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30 July 2012
In Entertainment Software Association v Society of Composers, Authors and Music Publishers of Canada(1) the Supreme Court of Canada held that the electronic delivery over the Internet of a permanent copy of a video game containing a copyrighted musical work does not entitle the copyright owner to additional royalties for communicating that musical work to the public by telecommunication, when the copyright owner has already received royalties for the reproduction of the musical work.
The Canadian Copyright Act provides that copyright owners have the sole right to communicate a literary, dramatic, musical or artistic work to the public by telecommunication. The Society of Composers, Authors and Music Publishers of Canada (SOCAN), a collective society that administers the right to communicate musical works on behalf of copyright owners, applied to the Copyright Board for a tariff covering downloads of video games containing copyrighted musical works over the Internet. The Copyright Board and the Federal Court of Appeal had concluded that SOCAN was entitled to a tariff for such downloads. The Supreme Court reversed these decisions, holding that the internet delivery of a permanent copy of a video game containing musical works does not amount to a communication of those works.
In the video gaming industry, royalties for the reproduction of any musical works that are incorporated into video games are negotiated before the games are sold to the public. Video game publishers pay reproduction royalties to the musical work copyright owners in respect of all copies sold, regardless of whether the copies are sold on a physical medium or downloaded over the Internet.
SOCAN is a collective society that administers performing rights and the right to communicate musical works on behalf of copyright owners. SOCAN applied to the Copyright Board to establish a tariff for the communication of musical works over the Internet between 1996 and 2006. The Copyright Board certified Tariff 22, entitling copyright owners of musical works to new fees whenever video games containing their works were downloaded over the Internet, even though the copyright owners had already received royalties for the reproduction of those musical works.
The Copyright Board's decision was upheld by the Federal Court of Appeal in an application for judicial review brought by the Entertainment Software Association and the Entertainment Software Association of Canada (ESA), which represent most publishers of interactive entertainment software products in North America. ESA then appealed to the Supreme Court of Canada, arguing that the act of downloading a video game incorporating musical works does not amount to a communication of those works to the public.
Section 3(1) of the act defines 'copyright' as the sole right to reproduce a work or any substantial part thereof in any material form, to perform the work or any substantial part thereof in public, or to publish an unpublished work or any substantial part thereof. Paragraphs (a) to (i) of Section (3)(1) then list specific rights that are included within this definition. Section 3(1)(f) provides that copyright includes - in the case of any literary, dramatic, musical or artistic work - the sole right to communicate the work to the public by telecommunication.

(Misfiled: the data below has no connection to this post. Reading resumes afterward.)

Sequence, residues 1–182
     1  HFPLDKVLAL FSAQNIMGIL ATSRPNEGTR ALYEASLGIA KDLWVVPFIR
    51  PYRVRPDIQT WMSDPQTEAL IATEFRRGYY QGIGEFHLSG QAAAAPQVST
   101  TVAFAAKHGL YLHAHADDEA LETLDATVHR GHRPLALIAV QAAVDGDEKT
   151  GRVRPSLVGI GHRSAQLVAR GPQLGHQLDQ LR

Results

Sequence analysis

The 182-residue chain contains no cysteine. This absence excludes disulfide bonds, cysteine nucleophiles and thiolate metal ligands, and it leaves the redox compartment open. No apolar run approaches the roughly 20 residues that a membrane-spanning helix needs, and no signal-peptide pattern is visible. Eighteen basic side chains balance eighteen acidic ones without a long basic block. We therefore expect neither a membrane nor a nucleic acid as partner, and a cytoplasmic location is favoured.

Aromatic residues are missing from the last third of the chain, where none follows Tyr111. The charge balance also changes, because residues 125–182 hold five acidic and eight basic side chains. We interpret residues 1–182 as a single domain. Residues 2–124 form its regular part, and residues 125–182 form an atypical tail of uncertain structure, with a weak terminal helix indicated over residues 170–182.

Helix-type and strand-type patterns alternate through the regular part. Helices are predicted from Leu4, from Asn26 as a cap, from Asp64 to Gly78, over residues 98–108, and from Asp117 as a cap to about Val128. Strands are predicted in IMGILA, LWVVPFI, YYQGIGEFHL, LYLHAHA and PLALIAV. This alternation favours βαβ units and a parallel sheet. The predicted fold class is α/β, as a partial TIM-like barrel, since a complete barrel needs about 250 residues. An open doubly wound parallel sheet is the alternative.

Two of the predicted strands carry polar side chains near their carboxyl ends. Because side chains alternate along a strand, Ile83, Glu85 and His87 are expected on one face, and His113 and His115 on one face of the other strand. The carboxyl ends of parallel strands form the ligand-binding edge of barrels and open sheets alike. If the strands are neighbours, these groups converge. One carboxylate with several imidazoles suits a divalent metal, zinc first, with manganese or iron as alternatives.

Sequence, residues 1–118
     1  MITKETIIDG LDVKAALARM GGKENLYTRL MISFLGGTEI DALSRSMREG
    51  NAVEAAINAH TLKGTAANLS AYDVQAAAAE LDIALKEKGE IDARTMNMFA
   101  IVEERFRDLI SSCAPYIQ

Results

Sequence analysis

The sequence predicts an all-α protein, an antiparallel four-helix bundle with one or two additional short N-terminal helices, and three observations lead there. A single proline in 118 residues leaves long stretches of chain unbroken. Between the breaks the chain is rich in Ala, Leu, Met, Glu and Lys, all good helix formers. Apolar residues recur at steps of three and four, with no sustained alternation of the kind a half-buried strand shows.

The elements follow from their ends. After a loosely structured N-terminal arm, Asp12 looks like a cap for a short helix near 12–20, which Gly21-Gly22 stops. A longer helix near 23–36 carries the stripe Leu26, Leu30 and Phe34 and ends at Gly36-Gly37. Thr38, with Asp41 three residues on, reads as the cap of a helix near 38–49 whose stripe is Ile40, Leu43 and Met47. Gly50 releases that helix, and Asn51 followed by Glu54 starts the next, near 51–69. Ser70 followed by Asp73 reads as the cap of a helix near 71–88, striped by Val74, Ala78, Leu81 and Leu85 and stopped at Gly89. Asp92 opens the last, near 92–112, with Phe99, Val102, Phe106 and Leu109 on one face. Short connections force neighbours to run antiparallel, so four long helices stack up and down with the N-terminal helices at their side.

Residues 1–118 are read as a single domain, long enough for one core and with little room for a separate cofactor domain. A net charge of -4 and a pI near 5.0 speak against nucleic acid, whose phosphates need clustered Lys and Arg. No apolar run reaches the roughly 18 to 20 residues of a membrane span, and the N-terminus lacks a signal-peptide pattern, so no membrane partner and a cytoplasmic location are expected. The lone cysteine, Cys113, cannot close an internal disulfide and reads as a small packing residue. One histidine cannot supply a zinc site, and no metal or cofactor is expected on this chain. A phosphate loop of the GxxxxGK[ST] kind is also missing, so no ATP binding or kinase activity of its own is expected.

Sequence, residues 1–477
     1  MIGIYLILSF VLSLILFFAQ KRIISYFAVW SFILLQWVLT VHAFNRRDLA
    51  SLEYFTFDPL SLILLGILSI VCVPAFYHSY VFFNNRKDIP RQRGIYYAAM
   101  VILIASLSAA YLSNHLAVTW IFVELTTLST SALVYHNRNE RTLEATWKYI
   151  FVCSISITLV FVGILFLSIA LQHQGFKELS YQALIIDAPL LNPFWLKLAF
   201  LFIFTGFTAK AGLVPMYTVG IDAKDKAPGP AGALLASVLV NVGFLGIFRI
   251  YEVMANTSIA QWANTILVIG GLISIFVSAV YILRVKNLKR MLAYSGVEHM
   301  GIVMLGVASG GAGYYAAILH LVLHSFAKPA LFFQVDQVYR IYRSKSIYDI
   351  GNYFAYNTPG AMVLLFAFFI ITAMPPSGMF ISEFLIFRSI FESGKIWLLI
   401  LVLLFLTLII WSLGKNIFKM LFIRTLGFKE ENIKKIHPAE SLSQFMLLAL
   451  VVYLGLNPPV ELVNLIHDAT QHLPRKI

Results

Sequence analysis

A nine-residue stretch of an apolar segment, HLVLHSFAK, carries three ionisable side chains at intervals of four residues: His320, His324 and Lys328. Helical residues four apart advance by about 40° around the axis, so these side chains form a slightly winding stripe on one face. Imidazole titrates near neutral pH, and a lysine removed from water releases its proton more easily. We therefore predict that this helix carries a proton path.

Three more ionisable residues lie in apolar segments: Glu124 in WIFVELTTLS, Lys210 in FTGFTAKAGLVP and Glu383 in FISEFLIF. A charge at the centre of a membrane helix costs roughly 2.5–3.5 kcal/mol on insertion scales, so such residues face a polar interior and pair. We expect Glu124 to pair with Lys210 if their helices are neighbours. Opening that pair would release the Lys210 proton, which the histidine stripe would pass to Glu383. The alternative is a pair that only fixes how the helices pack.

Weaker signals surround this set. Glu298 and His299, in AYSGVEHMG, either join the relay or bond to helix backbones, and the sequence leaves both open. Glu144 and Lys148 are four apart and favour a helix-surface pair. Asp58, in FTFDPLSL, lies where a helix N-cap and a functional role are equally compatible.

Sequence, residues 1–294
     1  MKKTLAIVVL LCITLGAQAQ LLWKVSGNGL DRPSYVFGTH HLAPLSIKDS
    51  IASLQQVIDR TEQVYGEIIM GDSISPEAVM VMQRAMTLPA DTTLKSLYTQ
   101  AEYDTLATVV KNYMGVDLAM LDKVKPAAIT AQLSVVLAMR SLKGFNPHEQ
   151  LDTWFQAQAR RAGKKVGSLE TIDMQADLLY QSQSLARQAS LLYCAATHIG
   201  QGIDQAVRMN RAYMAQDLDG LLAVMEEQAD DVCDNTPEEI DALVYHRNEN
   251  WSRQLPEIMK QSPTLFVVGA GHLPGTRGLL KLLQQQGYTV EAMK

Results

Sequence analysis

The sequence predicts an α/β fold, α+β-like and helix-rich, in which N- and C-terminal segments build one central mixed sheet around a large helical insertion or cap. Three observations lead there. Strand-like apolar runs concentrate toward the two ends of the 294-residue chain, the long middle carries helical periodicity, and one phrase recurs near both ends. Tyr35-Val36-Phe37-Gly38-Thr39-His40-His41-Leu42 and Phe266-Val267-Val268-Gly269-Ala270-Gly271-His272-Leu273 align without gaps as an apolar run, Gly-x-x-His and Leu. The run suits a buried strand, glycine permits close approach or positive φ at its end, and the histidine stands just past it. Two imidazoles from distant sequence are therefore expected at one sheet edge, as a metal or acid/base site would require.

In a five-to-four split decision, the majority held that a separate communication tariff applied to downloaded video games incorporating musical works would violate the principle of technological neutrality, which requires the act to apply equally to traditional and more technologically advanced forms of the same medium. The court ruled that a download is merely an additional, more efficient way to deliver copies of games to customers. The downloaded copy is identical to copies purchased in stores or shipped to customers by mail, and game publishers already pay reproduction royalties for all downloaded copies. In the court's view, there is no practical difference between buying a durable copy of the game in a store, receiving a copy in the mail or downloading an identical copy online.
The appeal focused on the meaning of the word 'communicate' in Section 3(1)(f), as there is no definition of that word in the act. The court reviewed the legislative history of the act, which demonstrated that the right to communicate is historically connected to the right to perform a work and not the right to reproduce permanent copies of the work. Further, the introductory paragraph of Section 3(1) of the act exhaustively defines 'copyright'. The rights enumerated in the subsequent Paragraphs (a) to (i), including the right to communicate in Paragraph (f), are simply illustrative examples of the reproduction, performance and publication rights set forth in the introductory paragraph. The court concluded that the internet delivery of a permanent copy of a video game containing musical works constitutes a reproduction of those works, but does not amount to a communication of them.
Accordingly, the court allowed ESA's appeal.
This decision clarifies that the downloading of a permanent copy of a video game incorporating musical works is not a communication to the public of the musical works within the meaning of Section 3(1)(f) of the Copyright Act. More broadly, the court's reasoning appears to apply equally to the downloading of a permanent copy of any literary, dramatic, musical or artistic work.
(1) 2012 SCC 34, July 12 2012, see http://scc.lexum.org/en/2012/2012scc34/2012scc34.html
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